The easiest way to reach Nethermoor Park is to take the train from Leeds to Guiseley (every 30min, 12-14min journey time, £5 day return). At Guiseley, cross the station car park to a path between the hedgerows, follow into Otley Road and the ground is on the right. Nethermoor Park has a pleasant clubhouse bar attached.
Leeds-Bradford Airport is 13km (eight miles) north-west of the city. Flying Tiger bus No.757 takes 30-35min to reach Leeds coach then train station (every 20min, single £3.60/return £6/MetroDay ticket with Leeds transport £6).
Note that the bus stop immediately outside the terminal is for the main car park – head over to bus stop No.1 for the Flying Tiger service town.
Leeds coach station is just east of the city centre, the train station south-west, both easily walkable into town. An hourly direct train from London King’s Cross (cheapest online single £32) takes 2hrs 20min. Changing at York is almost as quick but far more expensive. There are regular direct services from Manchester Piccadilly (1hr, £11 online) and Victoria (1hr 30min, £4 online) and hourly from Birmingham New Street (2hrs, around £30 online).
The Leeds bus network is overseen by Metro West Yorkshire. A MetroDay pass is £6, a Metro Weekender £8, both sold on board.
Amber Cars (0113 202 2117) is a long-established local taxi firm.
The only hotel near Elland Road is the Premier Inn Leeds City West, the other side of the M621 in a business park. Unless you’ve a real need to stay close(ish) to the stadium, you’re stuck in a drab location way south-west of town.
Convenient for hopping to the ground, Leeds station is surrounded by hotels. The Queens Hotel is a four-star local landmark overlooking City Square, all Art Deco furnishings and fluffy bathrobes. Fresh milk in the fridge is a rare touch.
Close by and equally iconic, The Met is now a contemporary four-star – though it was behind its terracotta façade that Leeds City players were auctioned off after the club collapsed in 1919.
Closer to the river, the comfortable Hilton Leeds City has a heated indoor pool, spa and gym.
In the same vicinity, the Leeds Marriott has a destination bar in its own right, with TV football, the 1871, looks out onto bustling Boar Lane – the hotel, indoor pool, whirlpool, sauna and all, is tucked behind in a little courtyard.
Alongside, The Cosmopolitan hides a 100-year history behind an attractive exterior, as well as 89 mid-range bedrooms, a restaurant and lounge bar.
Also walkable from the station, rooms at Jurys Inn Leeds can be found relatively cheaply online, many with attractive views of the nearby waterfront.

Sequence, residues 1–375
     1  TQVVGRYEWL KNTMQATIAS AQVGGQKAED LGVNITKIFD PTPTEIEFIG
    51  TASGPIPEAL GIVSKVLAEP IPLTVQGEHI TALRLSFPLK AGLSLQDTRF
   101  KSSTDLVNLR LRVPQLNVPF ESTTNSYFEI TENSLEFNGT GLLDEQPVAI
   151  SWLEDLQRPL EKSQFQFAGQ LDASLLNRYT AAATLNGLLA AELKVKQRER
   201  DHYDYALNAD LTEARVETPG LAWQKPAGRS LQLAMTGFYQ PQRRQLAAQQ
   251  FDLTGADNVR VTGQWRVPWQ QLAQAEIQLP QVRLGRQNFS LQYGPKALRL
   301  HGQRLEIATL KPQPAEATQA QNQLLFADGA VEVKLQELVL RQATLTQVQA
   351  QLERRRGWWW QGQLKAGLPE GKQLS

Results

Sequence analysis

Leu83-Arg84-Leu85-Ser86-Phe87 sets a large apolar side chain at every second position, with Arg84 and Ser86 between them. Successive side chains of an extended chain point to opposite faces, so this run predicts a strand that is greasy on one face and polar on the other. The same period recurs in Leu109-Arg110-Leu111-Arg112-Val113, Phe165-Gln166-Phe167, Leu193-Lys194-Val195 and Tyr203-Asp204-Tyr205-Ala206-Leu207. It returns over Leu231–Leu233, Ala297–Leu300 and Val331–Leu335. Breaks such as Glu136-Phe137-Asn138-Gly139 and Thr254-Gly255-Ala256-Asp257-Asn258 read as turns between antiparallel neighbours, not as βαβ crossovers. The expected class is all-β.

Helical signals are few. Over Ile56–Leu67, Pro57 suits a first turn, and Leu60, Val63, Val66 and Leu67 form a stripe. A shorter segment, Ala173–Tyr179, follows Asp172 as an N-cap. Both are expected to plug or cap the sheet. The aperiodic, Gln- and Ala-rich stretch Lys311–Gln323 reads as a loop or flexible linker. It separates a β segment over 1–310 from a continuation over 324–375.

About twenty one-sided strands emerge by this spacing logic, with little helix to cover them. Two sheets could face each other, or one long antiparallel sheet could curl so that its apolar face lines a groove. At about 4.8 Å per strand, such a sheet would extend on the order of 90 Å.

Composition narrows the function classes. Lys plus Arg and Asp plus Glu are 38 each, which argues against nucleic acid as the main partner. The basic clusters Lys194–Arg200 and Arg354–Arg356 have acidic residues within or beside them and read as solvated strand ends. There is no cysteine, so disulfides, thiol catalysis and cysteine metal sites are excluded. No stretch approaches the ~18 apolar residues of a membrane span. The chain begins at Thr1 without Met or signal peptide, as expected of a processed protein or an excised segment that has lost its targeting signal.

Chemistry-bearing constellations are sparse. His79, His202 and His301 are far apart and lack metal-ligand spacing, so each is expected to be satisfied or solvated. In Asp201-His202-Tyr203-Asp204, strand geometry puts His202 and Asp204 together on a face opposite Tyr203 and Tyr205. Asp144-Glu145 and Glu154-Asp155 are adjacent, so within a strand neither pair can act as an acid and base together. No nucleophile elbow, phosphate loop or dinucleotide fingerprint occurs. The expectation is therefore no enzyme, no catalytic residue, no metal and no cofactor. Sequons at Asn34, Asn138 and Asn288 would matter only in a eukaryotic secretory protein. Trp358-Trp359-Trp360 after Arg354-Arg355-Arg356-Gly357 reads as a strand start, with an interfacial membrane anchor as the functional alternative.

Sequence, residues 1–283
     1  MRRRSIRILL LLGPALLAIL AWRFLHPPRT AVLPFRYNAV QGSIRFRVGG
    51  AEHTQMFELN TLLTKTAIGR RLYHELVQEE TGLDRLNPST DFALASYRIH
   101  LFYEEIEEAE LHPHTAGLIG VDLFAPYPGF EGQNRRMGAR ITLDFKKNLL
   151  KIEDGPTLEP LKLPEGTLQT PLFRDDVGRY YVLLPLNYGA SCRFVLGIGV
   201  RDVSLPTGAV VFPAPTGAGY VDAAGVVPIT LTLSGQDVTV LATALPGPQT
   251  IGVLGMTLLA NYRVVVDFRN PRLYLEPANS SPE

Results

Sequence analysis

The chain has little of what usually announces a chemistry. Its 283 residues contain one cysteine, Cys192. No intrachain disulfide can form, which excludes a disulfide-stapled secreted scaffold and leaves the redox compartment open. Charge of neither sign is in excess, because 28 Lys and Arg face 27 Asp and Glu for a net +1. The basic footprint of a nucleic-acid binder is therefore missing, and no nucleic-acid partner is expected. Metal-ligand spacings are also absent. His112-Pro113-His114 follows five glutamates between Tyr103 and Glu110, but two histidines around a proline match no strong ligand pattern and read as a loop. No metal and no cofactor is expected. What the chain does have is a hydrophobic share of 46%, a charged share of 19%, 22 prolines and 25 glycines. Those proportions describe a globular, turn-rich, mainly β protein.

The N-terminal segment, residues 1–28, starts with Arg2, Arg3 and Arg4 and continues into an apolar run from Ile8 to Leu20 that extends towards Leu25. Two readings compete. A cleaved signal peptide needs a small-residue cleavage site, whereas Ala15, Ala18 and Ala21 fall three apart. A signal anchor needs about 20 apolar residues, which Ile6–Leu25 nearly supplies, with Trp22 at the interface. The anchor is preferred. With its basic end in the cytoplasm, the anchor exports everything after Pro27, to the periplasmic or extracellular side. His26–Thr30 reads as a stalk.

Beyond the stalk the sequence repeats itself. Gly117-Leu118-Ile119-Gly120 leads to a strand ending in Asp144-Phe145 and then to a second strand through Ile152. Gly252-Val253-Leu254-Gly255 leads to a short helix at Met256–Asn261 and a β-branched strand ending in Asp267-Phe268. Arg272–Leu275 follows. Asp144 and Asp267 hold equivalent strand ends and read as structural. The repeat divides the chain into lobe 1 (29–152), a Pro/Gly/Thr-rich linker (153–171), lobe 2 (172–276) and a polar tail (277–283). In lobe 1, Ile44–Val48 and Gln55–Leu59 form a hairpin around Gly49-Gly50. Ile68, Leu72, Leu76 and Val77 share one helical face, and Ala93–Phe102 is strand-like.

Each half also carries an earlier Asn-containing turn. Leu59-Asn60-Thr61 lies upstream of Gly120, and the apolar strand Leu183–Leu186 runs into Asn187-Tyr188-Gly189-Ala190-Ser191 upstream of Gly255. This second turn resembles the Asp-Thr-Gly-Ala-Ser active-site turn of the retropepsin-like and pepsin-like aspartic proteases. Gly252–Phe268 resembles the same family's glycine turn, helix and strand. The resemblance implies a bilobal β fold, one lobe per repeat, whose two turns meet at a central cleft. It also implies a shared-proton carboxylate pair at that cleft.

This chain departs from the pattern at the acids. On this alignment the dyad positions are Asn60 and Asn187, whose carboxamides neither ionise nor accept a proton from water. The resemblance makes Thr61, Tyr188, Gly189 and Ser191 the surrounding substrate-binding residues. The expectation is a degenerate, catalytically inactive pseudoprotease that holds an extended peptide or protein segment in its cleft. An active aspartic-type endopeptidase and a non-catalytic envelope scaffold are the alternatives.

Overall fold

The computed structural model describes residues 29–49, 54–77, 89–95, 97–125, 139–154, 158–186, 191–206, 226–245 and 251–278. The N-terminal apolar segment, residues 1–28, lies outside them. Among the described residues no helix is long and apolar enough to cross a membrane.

Leeds is one of Britain’s liveliest cities after dark, with pubs and bars dotted around the city centre.
For football-watching, The Hourglass contains nine screens around a traditional interior, with weekday meals deals and late opening at weekends when DJs spin. The Horse & Trumpet is a standard city-centre pub that goes big on screening sport. Attached to the Marriott Hotel but a busy bar in its own right, 1871 has a more contemporary, urban feel, animated after work. TV screens occupy wall space with classic vintage film posters.
Many historic pubs have managed to keep pace with the contemporary competition though venerable establishments such as the Adelphi have had to introduce beer-and-burger deals and ‘Tappy Mondays’, discounts on tap, cask and keg pints. The original flagship of formerly Hunslet-based Tetley’s Brewery, the Victorian-era Adelphi offers one of the best Sunday roasts in town.
Celebrating its 300th anniversary in 2015, Whitelock’s is the oldest pub in town, offering ales from local breweries such as Elland, Ilkley and Saltaire. In 2016, they opened partner bar The Turk’s Head, a showcase for British craft beers just across Turk’s Head Yard.
The Scarborough Hotel is a classic Victorian-era gin palace with a quality kitchen. Don’t miss the simply wonderful Duck & Drake, essentially a live venue done out with rare gig posters and line drawings of music legends, with TV football, real ales and a quality jukebox – all in vintage pub surroundings.
Site-brewed beers and locally sourced food are the essentials of the recently opened Brewery Tap, handily located close to the train station. Within the station itself, the White Rose is a handy pub for a pre-train beer while the Sports Bar offers pre-flight pints and TV action in the departure lounge of Leeds-Bradford Airport.